Drone News: DJI Data leak report. Drone/helicopter collision. 20k students

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This week in drone news: An update to the DJI data leak that’s been going on for years. A Canadian police drone collides with a Police Helicopter. Pix4D releases a new photogrammetry cloud service: Pix4Dcloud and Pix4Dcloud Advanced. And finally a Pilot Institute update: we reach 20,000 students and 36,000 enrollments, all thanks to you!

00:00:42 – DJI Data Leaks: real or not?
00:04:03 – Police drone collides with a police helicopter
00:06:15 – New Pix4Dcloud offering
00:07:43 – 20,000 students at Pilot Institute

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DJI Data Leaks: real or not?
A report from Booz Allen, an IT consulting company, was released this week regarding the long-debated possible data security issues from DJI drones.
The report was prepared for PrecisionHawk, a commercial drone and data company.
Booz Allen tested risk assessments of possible vulnerabilities for 3 drones: the Government Edition Mavic Pro, Matrice 600, and the Mavic 2 Enterprise.
The testing did not identify data connections made by the drone platforms to DJI or Chinese servers.
They did identify potential vulnerabilities that could be exploited or triggered by a threat source.
The attacker would need to have physical access to the drone itself, or be within direct radio range during specific operations.
The vulnerabilities were provided to DJI who said they mitigated several of them and will address the rest shortly.
The report also said that “vulnerabilities will exist to some degree regardless of the UAS platform”.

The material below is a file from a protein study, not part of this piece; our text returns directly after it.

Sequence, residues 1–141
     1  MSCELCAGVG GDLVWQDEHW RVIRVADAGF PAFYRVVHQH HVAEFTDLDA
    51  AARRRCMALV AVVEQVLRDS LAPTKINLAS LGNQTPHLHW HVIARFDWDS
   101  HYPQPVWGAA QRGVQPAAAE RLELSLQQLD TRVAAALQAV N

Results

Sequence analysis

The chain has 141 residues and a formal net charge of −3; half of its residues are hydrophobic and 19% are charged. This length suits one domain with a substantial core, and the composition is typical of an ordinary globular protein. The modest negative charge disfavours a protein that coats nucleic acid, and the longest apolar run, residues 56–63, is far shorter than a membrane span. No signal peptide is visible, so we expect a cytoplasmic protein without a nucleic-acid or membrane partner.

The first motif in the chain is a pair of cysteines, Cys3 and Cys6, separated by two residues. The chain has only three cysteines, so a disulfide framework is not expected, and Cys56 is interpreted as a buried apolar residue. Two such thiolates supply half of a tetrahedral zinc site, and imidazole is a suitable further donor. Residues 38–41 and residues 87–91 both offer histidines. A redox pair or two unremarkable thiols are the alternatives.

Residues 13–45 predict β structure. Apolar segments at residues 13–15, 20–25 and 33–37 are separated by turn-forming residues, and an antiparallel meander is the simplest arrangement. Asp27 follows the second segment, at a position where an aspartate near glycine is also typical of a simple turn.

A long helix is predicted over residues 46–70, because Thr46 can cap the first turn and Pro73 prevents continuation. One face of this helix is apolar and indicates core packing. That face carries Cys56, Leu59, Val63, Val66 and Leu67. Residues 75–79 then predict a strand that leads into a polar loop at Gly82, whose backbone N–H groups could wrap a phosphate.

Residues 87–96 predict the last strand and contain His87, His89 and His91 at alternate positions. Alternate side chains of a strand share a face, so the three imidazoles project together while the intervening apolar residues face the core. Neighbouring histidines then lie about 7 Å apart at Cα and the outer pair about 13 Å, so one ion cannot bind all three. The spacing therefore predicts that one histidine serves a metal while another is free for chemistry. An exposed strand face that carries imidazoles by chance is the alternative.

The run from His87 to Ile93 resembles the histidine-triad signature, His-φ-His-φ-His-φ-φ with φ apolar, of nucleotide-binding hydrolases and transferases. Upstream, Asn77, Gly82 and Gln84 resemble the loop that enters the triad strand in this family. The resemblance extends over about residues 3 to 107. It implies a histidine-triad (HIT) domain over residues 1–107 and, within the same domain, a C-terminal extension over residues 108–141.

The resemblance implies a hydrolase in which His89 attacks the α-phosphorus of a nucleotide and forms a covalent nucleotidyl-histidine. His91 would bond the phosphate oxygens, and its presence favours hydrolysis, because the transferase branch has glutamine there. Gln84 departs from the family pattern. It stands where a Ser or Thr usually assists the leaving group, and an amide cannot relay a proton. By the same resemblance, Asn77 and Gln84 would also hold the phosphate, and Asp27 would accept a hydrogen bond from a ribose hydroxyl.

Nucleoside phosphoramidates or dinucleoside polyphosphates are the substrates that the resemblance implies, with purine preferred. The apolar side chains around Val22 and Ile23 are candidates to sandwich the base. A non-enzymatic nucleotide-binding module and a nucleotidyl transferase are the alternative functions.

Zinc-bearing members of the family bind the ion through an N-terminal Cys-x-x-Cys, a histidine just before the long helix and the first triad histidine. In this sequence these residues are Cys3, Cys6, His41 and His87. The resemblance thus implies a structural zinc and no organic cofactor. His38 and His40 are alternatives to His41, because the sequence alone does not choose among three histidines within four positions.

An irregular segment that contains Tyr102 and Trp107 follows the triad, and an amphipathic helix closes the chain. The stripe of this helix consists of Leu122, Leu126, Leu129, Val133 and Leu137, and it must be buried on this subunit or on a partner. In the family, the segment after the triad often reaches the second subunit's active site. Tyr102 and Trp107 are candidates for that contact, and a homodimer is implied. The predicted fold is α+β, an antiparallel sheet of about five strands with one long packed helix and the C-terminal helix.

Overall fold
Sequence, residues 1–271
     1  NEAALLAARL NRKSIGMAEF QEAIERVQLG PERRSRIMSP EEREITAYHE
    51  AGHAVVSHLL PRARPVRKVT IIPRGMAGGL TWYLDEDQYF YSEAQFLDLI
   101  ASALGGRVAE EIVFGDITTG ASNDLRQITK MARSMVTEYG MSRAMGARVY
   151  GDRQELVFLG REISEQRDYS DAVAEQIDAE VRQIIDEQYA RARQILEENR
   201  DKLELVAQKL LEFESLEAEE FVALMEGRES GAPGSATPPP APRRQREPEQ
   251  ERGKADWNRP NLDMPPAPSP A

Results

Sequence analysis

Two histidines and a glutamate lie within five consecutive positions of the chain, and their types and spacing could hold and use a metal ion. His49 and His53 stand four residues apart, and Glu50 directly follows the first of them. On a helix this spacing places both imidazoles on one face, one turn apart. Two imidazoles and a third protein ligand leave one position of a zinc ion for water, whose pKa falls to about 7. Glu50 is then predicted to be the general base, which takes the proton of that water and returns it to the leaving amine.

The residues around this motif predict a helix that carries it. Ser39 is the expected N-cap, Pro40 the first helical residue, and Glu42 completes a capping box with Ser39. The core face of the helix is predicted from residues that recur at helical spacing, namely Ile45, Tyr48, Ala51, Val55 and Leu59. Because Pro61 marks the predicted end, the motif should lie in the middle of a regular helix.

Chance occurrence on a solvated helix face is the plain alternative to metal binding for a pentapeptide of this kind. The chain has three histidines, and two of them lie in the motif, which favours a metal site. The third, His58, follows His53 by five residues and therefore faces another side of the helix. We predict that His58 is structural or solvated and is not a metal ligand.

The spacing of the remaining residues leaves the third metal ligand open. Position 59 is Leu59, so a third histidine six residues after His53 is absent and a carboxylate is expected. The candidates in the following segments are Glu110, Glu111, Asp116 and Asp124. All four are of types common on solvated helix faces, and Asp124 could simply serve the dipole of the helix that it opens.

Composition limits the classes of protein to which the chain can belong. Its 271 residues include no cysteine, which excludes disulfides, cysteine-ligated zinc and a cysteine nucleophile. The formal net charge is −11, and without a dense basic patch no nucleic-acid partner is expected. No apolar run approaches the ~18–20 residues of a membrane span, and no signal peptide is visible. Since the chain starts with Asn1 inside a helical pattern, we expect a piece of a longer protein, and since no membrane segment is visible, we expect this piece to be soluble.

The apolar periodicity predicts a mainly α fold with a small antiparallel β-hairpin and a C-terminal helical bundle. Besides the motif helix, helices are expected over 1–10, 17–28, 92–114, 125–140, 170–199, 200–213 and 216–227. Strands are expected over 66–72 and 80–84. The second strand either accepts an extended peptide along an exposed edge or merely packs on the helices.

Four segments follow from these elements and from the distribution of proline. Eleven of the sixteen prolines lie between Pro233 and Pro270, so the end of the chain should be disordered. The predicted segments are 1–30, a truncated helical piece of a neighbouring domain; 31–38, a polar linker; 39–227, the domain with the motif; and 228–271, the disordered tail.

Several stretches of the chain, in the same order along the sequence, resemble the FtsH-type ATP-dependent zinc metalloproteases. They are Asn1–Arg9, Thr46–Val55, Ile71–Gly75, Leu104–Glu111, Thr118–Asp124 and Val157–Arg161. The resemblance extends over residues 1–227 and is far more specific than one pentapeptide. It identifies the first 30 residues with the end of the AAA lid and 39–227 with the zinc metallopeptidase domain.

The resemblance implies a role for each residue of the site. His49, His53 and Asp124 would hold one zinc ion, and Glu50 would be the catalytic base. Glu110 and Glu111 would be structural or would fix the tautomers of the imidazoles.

When a police drone collides with a police helicopter
A Royal Canadian Mounted Police AS350 helicopter collided with a SkyRanger R60 drone earlier in February but was only reported in June.
The two aircraft were on a joint mission in British Columbia when the accident happen.
It was classified as a midair collision, which happened at 300 feet AGL.
No one was hurt and the helicopter did a precautionary landing on a road nearby.
Damage was found on the helicopter to the main rotor blades and the tail boom and rotor.
The drone itself was destroyed and with has a listing price of $100,000, it’s an expensive lesson.

New Pix4Dcloud offering
Pix4D, the photogrammetry and drone mapping leader, announced a new cloud offering.
Both Pix4Dcloud and Pix4Dcloud Advanced offer the photogrammetry service to process mapping and modeling from drone images.
The base Pix4Dcloud solution provides 2D and 3D model creation, measuring, elevation profiles, etc.
The advanced version offers the ability to track site progress and compare volumes over time.
Pricing starts at $165/month.

20,000 students!
This week, we reach the 20,000 student mark, representing 34,000 course enrollments.
This makes us one of the fastest growing online aviation training program in the country, and all thanks to you.
We are now trusted by dozens of police, fire, and other public safety departments, high school programs, and other professional organizations.
Thank you again for all your support.


What do you think?

Written by Pilot Institute


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  1. About the DJI security issue…I believe Booz Allen Hamilton did a study of the Government edition, which most people did not purchase and are not using. Maybe, Homeland Security will not release details of the issue, because they are still classified? I know that, at least as a user, I have to give them details of where I'm flying, many times, to get their permission to fly (lots of DJI limited space around here). It wouldn't take much to backdoor a picture or two during the time when your "required" updates are being done. I worked for the Government for 36.5 years and I've never heard of the Government getting involved, in something like this, without a reason (like they had for the Lenovo computers). I also think part of the concern is that every successful company in China is allowed to be that way, only if they completely support the CCP, which means providing them complete access and anything they request.

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